whole venison shoulder
I have been given a rather large whole venison shoulder that I plan to cook for thanksgiving. The plan is to braise. However, I am dumbfounded as to how to brown the beat first, as the cut is so large. Also, I have been told that is is a good idea to soak the venison overnight in milk, however this spoils my red wine marinade idea. Any suggestions? Could I brown it on the grill over high heat, then braise? And what is the deal with the milk. Just sounds plain odd to me. Thanks!
thanks for all the info. I think I will hold off on the thanksgiving dealio. I have not even looked at the meat since I got it, was store in the freezer in white paper. I think what I may do is when I have a few days, thaw it, and see what I have, then determine it from there. Thanks for all the advice, m
ore reccs indeed are welcome.
My 2 cents, only.
I've cooked a lot of game meat, but I'm not sure that for a first effort, which it seems you're talking about, I'd try to braise a whole shoulder and serve it to a bunch of folks as the main on Thanksgiving. One of the problems you have is (presumably) not knowing how old the deer was, what it was eating, how long it was hung, etc., all of which factor hugely into the quality of what it is, exactly, you were generously gifted. Also, it's pretty unwieldy, as you've implied.
I'll respectfully disagree with the notion that shoulder is 2nd rate: 2 days ago, I fried up a little piece of shoulder from an alfalfa-fed whitetail to rare. Yum.
That said, what I'd do if you want to move forward is forget about the milk and the red wine marinade (they won't do anything except waste milk and wine), separate the shoulder into primals, chunk the larger pieces, s&p them for a night or 2, then brown well in rendered bacon/salt pork fat, and proceed as you would for any other braise (aromatics, etc., toss in your lardons). I'll probably be excoriated for this but use white wine, not red; it lightens things admirably. Timing can be tricky; pay attention; you can move from deliciously unctuous to shitty, inedible dry very quickly. Bump in a little acid at the end to brighten, plenty of parsley.
I'm confused: if we're talking wild deer, how do you know what it ate with such certainty?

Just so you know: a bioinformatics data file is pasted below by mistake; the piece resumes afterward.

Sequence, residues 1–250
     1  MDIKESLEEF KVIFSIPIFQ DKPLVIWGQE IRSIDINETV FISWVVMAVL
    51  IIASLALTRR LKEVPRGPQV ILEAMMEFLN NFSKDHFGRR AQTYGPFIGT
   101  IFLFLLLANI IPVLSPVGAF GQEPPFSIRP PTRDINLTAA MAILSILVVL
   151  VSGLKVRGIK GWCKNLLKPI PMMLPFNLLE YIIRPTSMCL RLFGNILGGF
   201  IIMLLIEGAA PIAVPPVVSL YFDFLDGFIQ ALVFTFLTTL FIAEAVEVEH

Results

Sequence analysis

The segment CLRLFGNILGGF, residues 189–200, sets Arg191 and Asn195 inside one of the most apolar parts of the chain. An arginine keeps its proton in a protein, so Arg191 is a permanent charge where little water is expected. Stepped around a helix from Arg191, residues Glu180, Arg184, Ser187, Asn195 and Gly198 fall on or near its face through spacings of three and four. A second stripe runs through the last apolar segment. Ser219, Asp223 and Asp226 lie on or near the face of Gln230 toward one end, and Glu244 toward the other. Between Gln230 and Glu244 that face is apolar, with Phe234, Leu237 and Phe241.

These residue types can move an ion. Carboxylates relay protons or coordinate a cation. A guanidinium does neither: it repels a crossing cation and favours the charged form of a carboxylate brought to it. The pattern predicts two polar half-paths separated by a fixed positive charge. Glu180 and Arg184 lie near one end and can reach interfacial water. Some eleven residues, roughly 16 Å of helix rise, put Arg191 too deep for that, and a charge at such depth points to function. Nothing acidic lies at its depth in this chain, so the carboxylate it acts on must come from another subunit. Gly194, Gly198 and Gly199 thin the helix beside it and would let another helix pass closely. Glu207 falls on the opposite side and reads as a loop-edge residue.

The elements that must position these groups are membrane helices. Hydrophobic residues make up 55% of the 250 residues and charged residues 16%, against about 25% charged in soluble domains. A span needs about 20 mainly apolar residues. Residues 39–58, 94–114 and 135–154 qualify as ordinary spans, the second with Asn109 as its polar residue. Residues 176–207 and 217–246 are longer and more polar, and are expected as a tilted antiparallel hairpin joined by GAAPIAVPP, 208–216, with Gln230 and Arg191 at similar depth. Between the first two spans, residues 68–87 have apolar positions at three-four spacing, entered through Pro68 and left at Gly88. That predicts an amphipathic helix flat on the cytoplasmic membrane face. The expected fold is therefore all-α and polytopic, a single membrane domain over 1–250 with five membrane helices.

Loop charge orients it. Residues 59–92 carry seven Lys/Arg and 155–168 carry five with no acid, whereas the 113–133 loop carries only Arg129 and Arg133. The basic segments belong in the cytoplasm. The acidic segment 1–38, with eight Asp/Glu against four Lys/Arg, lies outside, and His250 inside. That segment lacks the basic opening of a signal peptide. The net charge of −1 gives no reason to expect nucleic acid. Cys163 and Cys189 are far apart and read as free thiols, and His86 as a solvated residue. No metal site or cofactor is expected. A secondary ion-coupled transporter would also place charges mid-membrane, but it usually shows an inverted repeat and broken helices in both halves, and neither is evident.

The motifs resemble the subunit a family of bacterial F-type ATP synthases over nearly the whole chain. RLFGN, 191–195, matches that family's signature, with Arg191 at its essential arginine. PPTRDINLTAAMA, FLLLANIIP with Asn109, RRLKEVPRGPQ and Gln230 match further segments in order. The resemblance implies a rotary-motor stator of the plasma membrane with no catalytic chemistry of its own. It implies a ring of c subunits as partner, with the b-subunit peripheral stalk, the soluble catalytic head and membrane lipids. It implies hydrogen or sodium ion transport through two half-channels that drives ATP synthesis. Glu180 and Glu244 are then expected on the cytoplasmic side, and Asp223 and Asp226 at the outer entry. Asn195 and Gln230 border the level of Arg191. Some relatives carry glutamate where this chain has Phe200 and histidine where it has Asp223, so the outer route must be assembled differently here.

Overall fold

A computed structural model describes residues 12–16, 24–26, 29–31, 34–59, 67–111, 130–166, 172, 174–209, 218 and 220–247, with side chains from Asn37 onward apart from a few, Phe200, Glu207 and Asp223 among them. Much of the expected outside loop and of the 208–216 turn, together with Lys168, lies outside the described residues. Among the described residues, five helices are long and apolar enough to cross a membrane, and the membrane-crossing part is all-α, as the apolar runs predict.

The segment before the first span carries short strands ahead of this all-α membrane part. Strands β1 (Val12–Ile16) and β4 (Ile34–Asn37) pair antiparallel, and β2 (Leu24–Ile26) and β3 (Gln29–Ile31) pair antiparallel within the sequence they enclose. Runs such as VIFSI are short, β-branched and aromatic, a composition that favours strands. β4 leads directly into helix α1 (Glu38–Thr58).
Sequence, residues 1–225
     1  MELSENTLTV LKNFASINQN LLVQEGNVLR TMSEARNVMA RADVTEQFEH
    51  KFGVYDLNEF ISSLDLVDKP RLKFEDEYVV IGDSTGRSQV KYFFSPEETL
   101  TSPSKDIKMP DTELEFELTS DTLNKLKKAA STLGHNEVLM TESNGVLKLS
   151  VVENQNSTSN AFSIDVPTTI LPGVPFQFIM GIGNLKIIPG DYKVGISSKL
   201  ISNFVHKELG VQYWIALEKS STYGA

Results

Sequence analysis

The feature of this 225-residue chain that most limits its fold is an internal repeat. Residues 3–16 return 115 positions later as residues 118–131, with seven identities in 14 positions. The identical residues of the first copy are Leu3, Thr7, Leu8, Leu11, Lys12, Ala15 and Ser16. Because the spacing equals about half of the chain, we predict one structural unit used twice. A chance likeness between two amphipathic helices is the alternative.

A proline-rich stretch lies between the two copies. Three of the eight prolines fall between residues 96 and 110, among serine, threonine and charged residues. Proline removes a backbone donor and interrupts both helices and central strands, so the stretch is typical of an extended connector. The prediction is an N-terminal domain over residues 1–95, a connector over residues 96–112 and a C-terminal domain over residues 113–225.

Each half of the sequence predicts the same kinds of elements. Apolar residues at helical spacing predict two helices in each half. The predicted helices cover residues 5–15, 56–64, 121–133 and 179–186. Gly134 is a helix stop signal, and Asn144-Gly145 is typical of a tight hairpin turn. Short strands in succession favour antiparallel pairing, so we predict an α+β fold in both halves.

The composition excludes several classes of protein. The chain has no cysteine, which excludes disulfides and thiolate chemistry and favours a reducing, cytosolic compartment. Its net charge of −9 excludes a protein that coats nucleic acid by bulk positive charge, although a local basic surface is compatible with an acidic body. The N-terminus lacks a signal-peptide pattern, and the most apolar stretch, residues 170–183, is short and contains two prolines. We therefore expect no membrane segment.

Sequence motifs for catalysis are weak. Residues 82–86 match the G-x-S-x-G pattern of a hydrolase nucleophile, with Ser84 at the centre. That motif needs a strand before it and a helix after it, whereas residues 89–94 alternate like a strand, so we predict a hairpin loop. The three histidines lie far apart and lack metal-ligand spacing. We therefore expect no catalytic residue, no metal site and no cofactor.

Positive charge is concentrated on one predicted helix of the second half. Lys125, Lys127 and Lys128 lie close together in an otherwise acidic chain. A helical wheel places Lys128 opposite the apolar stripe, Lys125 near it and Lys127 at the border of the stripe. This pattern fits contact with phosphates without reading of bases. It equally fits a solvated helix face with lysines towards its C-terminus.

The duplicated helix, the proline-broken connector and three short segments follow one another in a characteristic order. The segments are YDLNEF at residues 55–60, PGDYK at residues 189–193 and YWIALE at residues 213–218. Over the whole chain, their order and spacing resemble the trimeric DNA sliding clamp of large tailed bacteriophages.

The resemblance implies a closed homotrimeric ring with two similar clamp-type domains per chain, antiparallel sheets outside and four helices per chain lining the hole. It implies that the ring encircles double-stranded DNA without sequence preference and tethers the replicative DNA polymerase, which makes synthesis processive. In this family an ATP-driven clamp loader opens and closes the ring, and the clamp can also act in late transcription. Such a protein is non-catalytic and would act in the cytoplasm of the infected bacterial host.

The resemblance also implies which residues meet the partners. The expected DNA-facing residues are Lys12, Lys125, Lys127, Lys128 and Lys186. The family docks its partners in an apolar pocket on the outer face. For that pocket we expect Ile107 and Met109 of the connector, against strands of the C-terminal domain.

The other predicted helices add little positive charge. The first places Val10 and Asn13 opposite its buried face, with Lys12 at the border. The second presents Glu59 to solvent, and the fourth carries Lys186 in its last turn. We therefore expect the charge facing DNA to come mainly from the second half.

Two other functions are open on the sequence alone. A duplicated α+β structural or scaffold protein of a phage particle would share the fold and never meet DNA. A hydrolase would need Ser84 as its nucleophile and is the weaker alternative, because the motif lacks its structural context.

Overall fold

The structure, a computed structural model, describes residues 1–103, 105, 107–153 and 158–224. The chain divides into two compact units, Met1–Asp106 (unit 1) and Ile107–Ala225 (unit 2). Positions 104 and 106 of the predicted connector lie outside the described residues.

I agree that in some instances the shoulder meat can be fine for plain eating (especially if the animal was very young), but, generally speaking, it isn't (to me, anyway) a braise-for-Thanksgiving cut, and certainly not whole, since there's a lot of tendon and such.
If you're willing to carefully cut it up you may well find chunks you can just cook and eat plain.
It also depends on what you're used to eating!
A venison shoulder is not the prime piece of venison. I don't think it's a good idea for Thanksgiving. I would go with a rib eye roast smoked on a charcoal grill. A venison shoulder should be deboned and all the gristle removed from the meat and cut it in small portions then you could fry it which is fantastic or use it in a stew. Venison is tough unless you remove all the white muscles from the piece of meat. A shoulder is hard to do. Soaking venison in milk can be a good idea. But not a whole shoulder. You are wasting your time. The piece is too tough. You can take the tenderloin, soak it in milk and then roll it in flour and fry it. You will have something then. Or you could smoke the tenderloin on the grill too.
I agree -- it is not really a good cut to try to cook whole. It will be on the tough side. The shoulder is good for stew meat, some of it might be tender enough for a stir-fry, and of course it's great for ground meat for burgers, sausage, chili, pasta sauce, meatloaf, or meatballs. I believe Littleman is talking about tendon (white muscle?) and it's true, there will be some gristly pieces of tendon in there. BUT I don't want this to make you think that it's not terrific meat -- it is, it will be delicious and very lean, but not a prime cut to cook whole. There are indeed tender cuts of venison, but shoulder isn't it.